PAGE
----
The Business of Bread and Baking: Kneading Conference West

Whether it’s the urge to start a small bakery to sell a better loaf to the community or just a wish to make and eat a better loaf of bread than that available at the grocery store, the poor quality and poor nutritional state of our daily bread sends hundreds to gatherings like the Kneading Conference West to learn more.
Read more: The Business of Bread and Baking: Kneading Conference West

The Mad Baker in the Bread Lab

Walk past any college laboratory and you could probably identify the subject at hand by the smell. The chemistry lab reeks of chlorine and sulfur, the biology lab sends off whiffs of formaldehyde, and even the botany lab smells earthy, fruity, and sometimes sweet. But never have such wonderful odors come from a lab until you pass something called the Bread Lab!
Read more: The Mad Baker in the Bread Lab

Dishing on Pollan's Cooked

I am a novice baker trying my darnedest to learn how to make good bread. I would rather have bought a book by Michael Pollan called Baked. In his book, Cooked Michael talks about his time with guru bakers, farmers, and millers. He reminds us that to make good bread you only need a few basics: flour, water, salt, yeast, time, and heat. Here’s our take on local and regional grain and flour, and baking bread.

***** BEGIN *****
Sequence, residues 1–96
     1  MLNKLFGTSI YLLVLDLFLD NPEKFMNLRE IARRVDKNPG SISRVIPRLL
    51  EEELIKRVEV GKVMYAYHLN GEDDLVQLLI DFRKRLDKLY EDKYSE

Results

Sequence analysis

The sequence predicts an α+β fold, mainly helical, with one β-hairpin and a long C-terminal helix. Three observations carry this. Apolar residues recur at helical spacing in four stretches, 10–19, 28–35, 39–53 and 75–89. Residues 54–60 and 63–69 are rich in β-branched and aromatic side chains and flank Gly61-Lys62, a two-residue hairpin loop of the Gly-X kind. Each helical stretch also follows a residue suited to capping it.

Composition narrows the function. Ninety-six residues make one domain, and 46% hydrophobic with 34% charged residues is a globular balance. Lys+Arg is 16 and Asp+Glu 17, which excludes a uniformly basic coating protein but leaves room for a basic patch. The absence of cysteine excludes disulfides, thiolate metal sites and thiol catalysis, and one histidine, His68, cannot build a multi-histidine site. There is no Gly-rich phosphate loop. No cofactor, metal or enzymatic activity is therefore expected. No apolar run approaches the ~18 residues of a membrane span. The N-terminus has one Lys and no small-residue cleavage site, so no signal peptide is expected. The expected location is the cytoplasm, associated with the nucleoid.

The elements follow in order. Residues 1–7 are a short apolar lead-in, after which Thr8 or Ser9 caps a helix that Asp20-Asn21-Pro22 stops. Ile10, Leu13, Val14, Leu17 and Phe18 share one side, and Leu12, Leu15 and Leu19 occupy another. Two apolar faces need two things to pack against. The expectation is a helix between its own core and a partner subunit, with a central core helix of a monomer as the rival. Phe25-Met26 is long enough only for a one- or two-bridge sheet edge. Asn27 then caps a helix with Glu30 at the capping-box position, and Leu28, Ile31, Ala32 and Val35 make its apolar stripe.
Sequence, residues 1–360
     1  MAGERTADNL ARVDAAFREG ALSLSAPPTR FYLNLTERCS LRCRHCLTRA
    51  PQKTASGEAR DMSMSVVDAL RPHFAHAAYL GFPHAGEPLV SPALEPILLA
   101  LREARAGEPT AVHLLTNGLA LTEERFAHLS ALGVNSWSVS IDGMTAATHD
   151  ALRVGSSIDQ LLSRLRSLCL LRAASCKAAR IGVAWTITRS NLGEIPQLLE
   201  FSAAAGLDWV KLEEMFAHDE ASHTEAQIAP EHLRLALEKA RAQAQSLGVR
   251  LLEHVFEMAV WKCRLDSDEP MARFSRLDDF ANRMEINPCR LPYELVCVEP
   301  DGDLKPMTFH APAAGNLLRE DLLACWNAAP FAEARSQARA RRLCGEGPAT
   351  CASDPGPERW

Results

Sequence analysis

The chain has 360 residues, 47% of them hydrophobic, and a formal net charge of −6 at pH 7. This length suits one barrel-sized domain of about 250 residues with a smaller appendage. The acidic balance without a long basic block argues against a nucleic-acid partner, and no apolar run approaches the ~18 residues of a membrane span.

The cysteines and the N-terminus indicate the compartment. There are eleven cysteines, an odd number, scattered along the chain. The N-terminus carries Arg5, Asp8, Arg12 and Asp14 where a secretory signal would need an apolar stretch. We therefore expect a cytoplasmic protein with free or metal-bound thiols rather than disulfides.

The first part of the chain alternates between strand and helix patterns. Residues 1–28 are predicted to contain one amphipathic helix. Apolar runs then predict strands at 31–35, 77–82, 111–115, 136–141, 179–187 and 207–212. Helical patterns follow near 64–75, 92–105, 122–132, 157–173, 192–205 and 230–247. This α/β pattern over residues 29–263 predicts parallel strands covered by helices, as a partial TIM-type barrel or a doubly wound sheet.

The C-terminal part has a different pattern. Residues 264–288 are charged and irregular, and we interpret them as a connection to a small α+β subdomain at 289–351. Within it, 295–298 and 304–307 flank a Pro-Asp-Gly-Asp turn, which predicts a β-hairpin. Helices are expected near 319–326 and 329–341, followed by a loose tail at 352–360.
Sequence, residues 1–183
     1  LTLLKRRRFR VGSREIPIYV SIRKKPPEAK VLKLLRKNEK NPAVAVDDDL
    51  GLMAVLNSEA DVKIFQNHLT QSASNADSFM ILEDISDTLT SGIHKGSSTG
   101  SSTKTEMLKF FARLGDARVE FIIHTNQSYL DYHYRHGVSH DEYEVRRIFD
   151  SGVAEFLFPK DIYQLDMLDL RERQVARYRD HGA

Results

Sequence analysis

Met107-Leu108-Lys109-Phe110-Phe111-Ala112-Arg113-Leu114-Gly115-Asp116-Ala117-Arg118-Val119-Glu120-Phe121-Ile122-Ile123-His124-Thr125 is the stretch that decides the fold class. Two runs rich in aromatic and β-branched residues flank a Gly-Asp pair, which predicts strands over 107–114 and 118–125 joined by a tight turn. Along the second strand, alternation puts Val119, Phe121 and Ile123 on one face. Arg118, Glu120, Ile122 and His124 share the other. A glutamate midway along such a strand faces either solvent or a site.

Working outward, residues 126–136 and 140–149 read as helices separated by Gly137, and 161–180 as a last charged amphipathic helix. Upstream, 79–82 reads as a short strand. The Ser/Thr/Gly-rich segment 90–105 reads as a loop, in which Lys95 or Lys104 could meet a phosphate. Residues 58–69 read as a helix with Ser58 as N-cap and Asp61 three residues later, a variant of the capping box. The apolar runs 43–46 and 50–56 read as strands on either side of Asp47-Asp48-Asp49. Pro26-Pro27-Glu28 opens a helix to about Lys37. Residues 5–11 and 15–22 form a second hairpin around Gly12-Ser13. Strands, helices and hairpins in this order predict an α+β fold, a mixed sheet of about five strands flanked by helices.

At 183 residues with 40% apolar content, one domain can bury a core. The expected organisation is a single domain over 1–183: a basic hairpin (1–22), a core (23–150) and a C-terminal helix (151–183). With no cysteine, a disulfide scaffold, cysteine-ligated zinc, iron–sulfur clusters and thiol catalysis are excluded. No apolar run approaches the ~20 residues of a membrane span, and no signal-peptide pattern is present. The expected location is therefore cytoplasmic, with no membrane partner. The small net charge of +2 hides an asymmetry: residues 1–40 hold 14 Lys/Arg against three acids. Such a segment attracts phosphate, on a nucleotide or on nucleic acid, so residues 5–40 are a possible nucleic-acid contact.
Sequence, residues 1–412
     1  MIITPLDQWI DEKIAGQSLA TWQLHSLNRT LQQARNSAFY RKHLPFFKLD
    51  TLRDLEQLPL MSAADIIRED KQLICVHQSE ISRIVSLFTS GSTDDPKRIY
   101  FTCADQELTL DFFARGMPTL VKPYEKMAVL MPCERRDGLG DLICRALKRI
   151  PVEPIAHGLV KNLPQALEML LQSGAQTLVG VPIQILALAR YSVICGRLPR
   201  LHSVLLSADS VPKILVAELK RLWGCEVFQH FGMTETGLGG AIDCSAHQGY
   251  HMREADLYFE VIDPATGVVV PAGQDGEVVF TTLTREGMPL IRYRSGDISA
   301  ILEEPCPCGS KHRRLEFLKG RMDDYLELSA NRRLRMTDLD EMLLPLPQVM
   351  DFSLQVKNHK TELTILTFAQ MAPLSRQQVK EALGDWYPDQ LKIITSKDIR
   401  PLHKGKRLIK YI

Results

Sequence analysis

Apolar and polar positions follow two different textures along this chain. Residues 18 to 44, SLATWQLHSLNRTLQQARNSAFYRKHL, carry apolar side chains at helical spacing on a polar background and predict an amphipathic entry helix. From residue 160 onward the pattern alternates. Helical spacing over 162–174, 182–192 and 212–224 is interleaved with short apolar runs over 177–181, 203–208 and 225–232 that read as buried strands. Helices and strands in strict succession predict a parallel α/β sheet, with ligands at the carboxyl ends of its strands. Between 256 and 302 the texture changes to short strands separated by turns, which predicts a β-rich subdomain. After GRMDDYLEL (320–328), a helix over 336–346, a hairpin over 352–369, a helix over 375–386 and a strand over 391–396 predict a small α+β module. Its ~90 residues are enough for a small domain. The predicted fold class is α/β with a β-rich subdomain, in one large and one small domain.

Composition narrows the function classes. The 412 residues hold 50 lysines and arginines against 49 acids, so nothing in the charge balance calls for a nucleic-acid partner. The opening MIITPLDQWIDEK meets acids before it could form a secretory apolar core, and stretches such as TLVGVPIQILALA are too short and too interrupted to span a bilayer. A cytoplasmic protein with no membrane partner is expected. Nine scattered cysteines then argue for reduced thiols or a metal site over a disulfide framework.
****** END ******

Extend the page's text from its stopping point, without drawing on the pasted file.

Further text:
Read more: Dishing on Pollan’s Cooked

Essential Baking - Seattle’s Biggest Small Bakery

When he was a child, George DePasquale’s quintessential (and large!) Italian-American family gathered every weekend to make food for the coming week – for the whole family. Fresh pasta hung drying over the backs of the sofa and chairs and lay curled on the beds, pots of sauces simmered on the stove, and piles of fresh fish were cleaned and frozen. And Mama always baked bread for the family. It was the homemade bread and exposure to the bakery down the street that made those years so important to George. He literally grew up with “flour in his hair;” baking bread all his life.
Read more: Essential Baking – Seattle’s Biggest Small Bakery

Let them eat bread!

Amanda Irving and René Featherstone are an unlikely partnership and yet it takes both – the farmer and the baker – to turn an ancient grain like spelt into delicious bread. American consumers have strayed a long way from real food and real bread. René and Amanda are on the path that farmers and bakers have followed for millennia: growing good grain and making good bread. Long may that partnership last!
Read more: Let them eat bread!